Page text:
Lack of responsibility and accountability at senior management level means the business benefits of IT investments go unrealised.
According to a recent White Paper from DMR Consulting, IT has typically been viewed as a "cost instead of a strategic agent for business change" and IT investments have "mistakenly" been left to IT professionals to look after.
Bob Cox, IT manager, Anglo Coal Australia, agrees the success of IT investments should not lie with IT professionals.
"IT is responsible for technology delivery and support. Users are responsible for functionality, business implementation and business benefits."
Howard Malyon, IT manager, Grace Removals Group, said while it is possible to use IT professionals to help define how the investments should be made, IT professionals "do not have access to all the resources required to make the investment a success".
While this appears to be the prevailing viewpoint among IT professionals, Steve Tucker, group IT manager, National Jet Systems Group, argues that if IT professionals form the business case for a project, the investment success should rest with them.
"However, the IT professionals usually are not in the position of approving their own investments.
"Additionally, the IT professional can not or will not always appreciate other business issues which may be affected by their proposals and so other areas of the business may be involved to drive the business case."
Jeff Parker, author of the DMR White Paper, sees IT professionals as having a paradigm: "to budget, to scope, to time", that creates a way of thinking and doing that is not centred on the delivery of business benefits from investments in IT.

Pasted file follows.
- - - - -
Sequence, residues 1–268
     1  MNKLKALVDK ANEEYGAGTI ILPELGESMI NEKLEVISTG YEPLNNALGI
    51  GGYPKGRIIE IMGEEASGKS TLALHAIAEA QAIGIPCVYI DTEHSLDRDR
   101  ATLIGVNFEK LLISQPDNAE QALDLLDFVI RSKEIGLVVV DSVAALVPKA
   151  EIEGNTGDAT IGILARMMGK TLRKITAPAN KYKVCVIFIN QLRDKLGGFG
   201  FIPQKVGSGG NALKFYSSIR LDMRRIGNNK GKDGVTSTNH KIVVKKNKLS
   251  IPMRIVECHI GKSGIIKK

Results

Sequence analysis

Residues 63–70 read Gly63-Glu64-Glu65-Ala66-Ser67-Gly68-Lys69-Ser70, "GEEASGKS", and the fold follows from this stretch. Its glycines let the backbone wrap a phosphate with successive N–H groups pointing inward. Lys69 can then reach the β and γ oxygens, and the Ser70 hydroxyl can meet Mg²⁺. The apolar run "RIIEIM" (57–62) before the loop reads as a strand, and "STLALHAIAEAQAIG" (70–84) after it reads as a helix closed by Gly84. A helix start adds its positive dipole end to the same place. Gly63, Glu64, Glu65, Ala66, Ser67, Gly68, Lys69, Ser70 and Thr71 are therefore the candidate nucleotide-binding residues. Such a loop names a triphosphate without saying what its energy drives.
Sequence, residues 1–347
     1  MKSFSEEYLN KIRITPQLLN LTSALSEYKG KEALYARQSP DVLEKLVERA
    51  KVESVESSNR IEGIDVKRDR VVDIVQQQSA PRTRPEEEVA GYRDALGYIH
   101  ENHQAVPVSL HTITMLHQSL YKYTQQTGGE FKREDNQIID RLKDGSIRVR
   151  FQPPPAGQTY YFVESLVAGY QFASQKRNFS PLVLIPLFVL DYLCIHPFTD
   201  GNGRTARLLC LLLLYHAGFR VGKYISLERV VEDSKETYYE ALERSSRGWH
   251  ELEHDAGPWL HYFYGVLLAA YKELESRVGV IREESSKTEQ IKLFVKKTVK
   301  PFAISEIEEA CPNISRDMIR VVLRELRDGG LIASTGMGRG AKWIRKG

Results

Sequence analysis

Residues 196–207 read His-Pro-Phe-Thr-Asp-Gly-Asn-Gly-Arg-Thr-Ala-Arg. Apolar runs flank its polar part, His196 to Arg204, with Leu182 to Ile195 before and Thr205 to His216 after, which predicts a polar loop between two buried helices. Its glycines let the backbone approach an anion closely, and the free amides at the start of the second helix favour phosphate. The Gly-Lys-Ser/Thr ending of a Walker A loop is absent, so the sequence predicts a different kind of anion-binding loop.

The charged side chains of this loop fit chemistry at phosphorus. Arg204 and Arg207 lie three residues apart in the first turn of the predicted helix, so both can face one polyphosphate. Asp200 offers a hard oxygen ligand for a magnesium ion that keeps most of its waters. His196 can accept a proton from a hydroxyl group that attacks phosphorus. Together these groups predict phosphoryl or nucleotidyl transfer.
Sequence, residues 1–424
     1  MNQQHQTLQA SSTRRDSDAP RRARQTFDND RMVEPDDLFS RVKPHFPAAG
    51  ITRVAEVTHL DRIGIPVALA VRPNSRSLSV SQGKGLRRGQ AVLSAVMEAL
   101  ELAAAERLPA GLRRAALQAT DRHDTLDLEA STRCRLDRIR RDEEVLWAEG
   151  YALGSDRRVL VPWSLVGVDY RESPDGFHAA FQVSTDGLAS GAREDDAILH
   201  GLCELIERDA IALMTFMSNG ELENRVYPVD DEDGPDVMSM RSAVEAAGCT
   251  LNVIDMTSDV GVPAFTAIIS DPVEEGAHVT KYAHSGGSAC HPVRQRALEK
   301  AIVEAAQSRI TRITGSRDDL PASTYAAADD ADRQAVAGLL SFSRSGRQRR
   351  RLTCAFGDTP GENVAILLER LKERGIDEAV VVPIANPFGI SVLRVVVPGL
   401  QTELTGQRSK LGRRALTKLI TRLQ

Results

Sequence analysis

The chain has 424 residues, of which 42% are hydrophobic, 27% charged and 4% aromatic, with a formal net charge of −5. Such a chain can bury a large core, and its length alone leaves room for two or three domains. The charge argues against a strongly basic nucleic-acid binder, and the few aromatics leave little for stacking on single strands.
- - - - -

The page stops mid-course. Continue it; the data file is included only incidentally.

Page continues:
Parker believes this traditional way of thinking exacerbates the increasingly important role IT has to play in business change initiatives.
"In the early days, the primary application [of IT] was to automate work processes, which basically resulted in doing things quicker and more accurately. The next phase of using IT was to manage information, which led to improvement in decision-making and business processes mostly focused on the administrative and management domains.
"These phases have now led to a period where IT plays a prominent role in the transformation of business."
Nevertheless, it appears IT professionals are still unsure of the role they should play.
Greg Carvouni, CIO, New South Wales Roads and Traffic Authority, said he would not agree that IT people are benefits focused, "although some obviously are".
"Many IT people unfortunately are technology and sexy project focused and need to be controlled."
Grace Removal's Malyon disagrees that IT professionals still think this way, saying "you have to think about the business benefits for investments these days".
"One of the first questions asked is 'what is the ROI on this investment'."
Parker said current management processes are inadequate for dealing with the inherent challenges of benefits realisation, adding that new practices are required to bring about a fundamental change in managements' way of thinking about investments and benefits.
He said many studies of the past 10 years show that around 45 per cent of projects involving IT deployments fail to produce expected benefits. Reasons include cost overrun, poor project management, weak business case, no management support and inadequate governance arrangements.
"An enterprise-wide view of the impact and potential of IT is needed," he said.